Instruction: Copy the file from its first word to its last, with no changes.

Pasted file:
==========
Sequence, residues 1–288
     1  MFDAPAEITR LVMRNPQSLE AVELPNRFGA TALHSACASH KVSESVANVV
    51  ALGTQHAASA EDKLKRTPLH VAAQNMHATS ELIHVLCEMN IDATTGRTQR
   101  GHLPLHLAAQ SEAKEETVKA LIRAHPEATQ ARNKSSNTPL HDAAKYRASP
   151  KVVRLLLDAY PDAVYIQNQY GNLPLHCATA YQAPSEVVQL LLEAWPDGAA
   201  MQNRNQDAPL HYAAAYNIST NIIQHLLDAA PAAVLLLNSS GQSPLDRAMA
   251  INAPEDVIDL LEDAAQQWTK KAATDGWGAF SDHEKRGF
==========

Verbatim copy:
Sequence, residues 1–288
     1  MFDAPAEITR LVMRNPQSLE AVELPNRFGA TALHSACASH KVSESVANVV
    51  ALGTQHAASA EDKLKRTPLH VAAQNMHATS ELIHVLCEMN IDATTGRTQR
   101  GHLPLHLAAQ SEAKEETVKA LIRAHPEATQ ARNKSSNTPL HDAAKYRASP
   151  KVVRLLLDAY PDAVYIQNQY GNLPLHCATA YQAPSEVVQL LLEAWPDGAA
   201  MQNRNQDAPL HYAAAYNIST NIIQHLLDAA PAAVLLLNSS GQSPLDRAMA
   251  INAPEDVIDL LEDAAQQWTK KAATDGWGAF SDHEKRGF